The Temblor Range forms the eastern boundary of Carrizo Plain National Monument. To the west is the plain and to the east is the San Joaquin Valley. The Temblor range runs northwest/southeasterly along the border of Kern and San Luis Obispo Counties. The Temblors owe their existence mainly to the San Andreas Fault, which runs along the western base of the range. This is perhaps the best place in California to see how the fault has effected the landscape over time. There are displaced creek beds, beheaded channels, and escarpments that tell the geologic tale of the fault and its movements over time. The name Temblor means earthquake.
Peaks within the Temblor Range average about 3500 ft (1,100 m) above sea level. The highest point is McKittrick Summit at 4,331 ft (1,320 m), located in the center of the range about 35 mi (56 km) west of Bakersfield. The summit on State Route 58, which crosses the range, is at 3,750 feet (1,140 m) above sea level.
There are many canyons in the Temblor Range best explored in the springtime, March and April, when the wildflowers put on one of the most spectacular shows in all of California if not the United States! From 20 miles away you can see how the Temblors come alive in the spring. It looks as though their slopes have been painted yellow, orange, purple, and pink. Yellow coreopsis and goldfields, purple phacelia, orange California poppies, and pink Parry's mallow put on quite the show, along with dozens of other native wildflowers.
In wintertime the Temblors do get the occasional snowfall. Summertimes are very hot and not recommended!
There are oak and juniper trees near the summit and on the eastern slopes of the range. Otherwise the vegetation is mainly grassland interspersed with wildflowers and shrubs. Wildlife includes pronghorn antelope, elk, coyotes, foxes, badgers, ground squirrels, lizards, rattlesnakes, and numerous bird species.
Take Hwy 58 west of Bakersfield or east of Santa Margarita. This takes you to the northern end of Carrizo Plain and the Temblor Mountains. If you take Seven Mile Road to Elkhorn Road and head south you'll find yourself on a road that parallels the San Andreas Fault and the base of the Temblors. The Hurricane/Crocker Springs Road crosses the Temblors at a convenient mid-way point. There are a few other dirt roads that cross the range but are unmarked on most maps. Some have locked gates but you can walk up them. Be sure to adhere to private property signs and close gates behind you. There are cows out here that could get out!
This is rural area with very few services. Make sure you have a full tank of gas, your vehicle is in good working order, and carry plenty of food and water. Roads in the Temblors, with the exception of Hwy 58, are unpaved and are impassable when wet.
There is no entrance fee or hiking permits needed in this area.
Please practice Leave No Trace Ethics.
Off-road vehicle use is prohibited.
If you open a gate, close it.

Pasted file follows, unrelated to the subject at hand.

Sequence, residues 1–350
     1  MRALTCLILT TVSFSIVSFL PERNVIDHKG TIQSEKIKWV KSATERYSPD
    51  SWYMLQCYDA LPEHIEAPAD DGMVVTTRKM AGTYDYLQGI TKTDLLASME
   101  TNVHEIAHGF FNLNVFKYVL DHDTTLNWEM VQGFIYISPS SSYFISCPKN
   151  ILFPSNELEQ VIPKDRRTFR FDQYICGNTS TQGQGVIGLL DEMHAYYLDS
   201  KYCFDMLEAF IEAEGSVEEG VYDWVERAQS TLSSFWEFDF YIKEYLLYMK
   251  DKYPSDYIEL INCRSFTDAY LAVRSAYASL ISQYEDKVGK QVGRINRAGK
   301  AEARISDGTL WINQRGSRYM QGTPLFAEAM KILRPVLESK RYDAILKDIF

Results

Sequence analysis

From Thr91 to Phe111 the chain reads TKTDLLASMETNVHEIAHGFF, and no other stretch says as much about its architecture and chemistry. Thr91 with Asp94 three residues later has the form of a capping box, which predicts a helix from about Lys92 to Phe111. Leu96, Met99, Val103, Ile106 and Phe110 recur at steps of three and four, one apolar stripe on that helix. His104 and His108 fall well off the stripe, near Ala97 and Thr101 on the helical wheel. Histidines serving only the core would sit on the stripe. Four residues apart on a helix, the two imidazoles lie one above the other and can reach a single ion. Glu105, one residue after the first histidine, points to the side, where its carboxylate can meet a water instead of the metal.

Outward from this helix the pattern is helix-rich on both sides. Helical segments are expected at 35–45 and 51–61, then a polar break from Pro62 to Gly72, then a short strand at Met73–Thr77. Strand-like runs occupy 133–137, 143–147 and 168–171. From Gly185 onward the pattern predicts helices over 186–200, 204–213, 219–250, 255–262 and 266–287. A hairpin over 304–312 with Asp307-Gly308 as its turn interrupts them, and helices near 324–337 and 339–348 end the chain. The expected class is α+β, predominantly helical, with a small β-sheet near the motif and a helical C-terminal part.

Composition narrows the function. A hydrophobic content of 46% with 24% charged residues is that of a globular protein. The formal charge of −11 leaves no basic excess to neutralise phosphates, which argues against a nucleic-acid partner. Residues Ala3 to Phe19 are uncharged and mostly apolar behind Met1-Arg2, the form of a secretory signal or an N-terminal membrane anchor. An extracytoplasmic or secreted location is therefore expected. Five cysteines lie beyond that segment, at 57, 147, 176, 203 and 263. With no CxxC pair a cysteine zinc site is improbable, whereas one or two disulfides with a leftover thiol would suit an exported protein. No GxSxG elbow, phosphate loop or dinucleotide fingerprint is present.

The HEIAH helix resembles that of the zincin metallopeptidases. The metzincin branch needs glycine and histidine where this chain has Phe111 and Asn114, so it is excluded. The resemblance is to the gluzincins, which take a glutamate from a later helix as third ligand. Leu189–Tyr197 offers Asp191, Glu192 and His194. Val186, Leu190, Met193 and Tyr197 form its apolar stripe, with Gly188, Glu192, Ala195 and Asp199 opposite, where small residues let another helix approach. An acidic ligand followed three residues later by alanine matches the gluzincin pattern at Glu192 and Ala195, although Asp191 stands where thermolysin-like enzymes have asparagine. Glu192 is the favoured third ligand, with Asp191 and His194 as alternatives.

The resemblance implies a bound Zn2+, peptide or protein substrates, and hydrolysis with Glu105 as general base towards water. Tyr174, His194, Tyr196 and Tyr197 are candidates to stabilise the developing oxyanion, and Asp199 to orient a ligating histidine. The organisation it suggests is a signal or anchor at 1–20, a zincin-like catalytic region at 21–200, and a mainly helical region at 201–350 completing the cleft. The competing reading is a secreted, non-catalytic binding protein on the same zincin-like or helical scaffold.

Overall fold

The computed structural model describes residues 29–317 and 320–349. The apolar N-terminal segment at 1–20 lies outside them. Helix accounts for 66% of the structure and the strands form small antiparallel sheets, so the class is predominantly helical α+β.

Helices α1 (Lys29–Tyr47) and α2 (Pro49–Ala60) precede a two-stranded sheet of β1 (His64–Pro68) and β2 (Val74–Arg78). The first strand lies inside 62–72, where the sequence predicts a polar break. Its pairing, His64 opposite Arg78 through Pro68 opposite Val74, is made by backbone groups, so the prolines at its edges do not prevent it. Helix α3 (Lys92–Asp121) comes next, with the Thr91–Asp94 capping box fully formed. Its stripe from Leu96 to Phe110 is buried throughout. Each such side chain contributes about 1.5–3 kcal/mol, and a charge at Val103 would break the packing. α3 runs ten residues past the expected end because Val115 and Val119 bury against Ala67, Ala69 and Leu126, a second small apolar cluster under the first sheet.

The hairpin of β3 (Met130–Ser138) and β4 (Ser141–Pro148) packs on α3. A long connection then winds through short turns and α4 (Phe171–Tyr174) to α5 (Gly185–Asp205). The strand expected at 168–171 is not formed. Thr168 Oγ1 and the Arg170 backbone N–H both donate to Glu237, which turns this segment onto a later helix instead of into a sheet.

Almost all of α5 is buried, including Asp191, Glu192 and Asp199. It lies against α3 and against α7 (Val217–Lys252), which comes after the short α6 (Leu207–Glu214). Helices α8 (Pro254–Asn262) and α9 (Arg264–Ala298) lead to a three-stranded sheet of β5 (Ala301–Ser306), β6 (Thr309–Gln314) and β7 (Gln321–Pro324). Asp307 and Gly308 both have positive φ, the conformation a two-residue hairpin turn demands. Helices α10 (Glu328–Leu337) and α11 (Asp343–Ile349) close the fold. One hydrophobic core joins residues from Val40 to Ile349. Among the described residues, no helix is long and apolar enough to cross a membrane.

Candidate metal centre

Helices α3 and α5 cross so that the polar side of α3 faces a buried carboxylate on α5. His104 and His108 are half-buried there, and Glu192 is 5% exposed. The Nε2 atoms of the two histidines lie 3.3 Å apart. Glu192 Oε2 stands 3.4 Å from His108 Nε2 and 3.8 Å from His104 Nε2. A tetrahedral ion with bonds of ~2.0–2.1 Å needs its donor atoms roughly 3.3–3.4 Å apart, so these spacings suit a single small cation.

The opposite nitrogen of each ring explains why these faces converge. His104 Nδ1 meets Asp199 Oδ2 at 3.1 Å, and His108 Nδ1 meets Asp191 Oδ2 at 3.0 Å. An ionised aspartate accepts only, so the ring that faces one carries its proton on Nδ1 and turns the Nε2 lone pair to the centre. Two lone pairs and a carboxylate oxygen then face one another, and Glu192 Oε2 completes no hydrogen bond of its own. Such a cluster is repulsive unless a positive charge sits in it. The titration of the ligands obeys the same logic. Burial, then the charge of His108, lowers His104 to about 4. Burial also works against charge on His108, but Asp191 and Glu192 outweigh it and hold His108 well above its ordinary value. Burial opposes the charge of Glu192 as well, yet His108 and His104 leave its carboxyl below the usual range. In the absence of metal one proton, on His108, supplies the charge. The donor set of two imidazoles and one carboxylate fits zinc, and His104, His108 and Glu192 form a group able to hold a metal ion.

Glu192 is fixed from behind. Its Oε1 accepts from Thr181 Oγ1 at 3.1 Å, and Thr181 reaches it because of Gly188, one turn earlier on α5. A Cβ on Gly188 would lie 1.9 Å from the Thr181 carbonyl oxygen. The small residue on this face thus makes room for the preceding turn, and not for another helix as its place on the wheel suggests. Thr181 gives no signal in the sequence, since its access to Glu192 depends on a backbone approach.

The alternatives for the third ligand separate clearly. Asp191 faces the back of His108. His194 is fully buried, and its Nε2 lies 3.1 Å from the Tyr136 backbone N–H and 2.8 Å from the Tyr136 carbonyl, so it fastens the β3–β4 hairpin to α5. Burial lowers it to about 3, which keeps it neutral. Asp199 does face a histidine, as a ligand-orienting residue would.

Adhere to any private property signs you may see out here.
BLM Carrizo Plain Website
Plants, Animals, and Ecosystems of Carrizo Plain
Geology of Carrizo Plain
Weather Forecast for the Temblor Range from the NWS
My Temblor Range trip report and photos from March 2010
There are two campgrounds at Carrizo Plain, KCL and Selby. Both have pit toilets, picnic tables, and fire rings. There is no water at KCL; Selby has non-potable water. Also, bring your own firewood. There are a few eucalyptus trees at KCL and shade pavillions at Selby. There is no fee but donations are accepted. No reservations required, but show up early on spring weekends to get a spot.
You can also camp on some side roads in the monument such as the Elkhorn Road or the Caliente Ridge Road. There is no fee and no services. Pack out what you pack in. Inquire at the visitor center for more information.
From the USGS:
The Temblor Range and surrounding region contains extensive outcrops of the Monterey Formation (Miocene age, about 20 to 9 million years). Rocks from the Monterey formation consist mostly of silicate shales and porcellanite (silica derived from fossil plankton in an intermediate to deep-water marine setting). Fossils and sediments from the Monterey Formation show that the Carrizo Plain region was a marine basin with shallow to intermediate depths (marine waters covered the southern San Joaquin Valley region). Marine sediments younger than about 9 million years are not preserved in the Carrizo Plain National Monument area, but they occur throughout the Kettleman Hills region (about 60 miles (97 km) north of the park) where the Etchegoin Formation contains marine fossils to about 4 million years old (Pliocene Epoch).
Fossils of the Etchegoin Formation are supporting evidence that the Coast Ranges and the Temblor Range are young, having been uplifted mostly during the Pleistocene Epoch (or Quaternary Period) in the past couple million years. Much of that ongoing uplift is due to tectonics associated with the San Andreas Fault and other fault systems in the region.
During the Pleistocene, sometime more recently than 1.8 million years ago, an enormous block of the Temblor Range – a swath of Monterey shale more than six miles (10 km) long, a mile across, and over 2,000 feet (610 m) thick, about three cubic miles of rock in all – slid down the northeastern side of the range, covering a distance of approximately three miles and descending 2,000 feet (610 m). This mass movement completely covered the McKittrick Oil Field which is to the east of the range, giving it a highly unusual geology for an oil field, as the petroleum deposits in most oil fields are in structural or stratigraphic traps; this field is capped by an enormous mass of rock that moved off of the adjacent mountain range.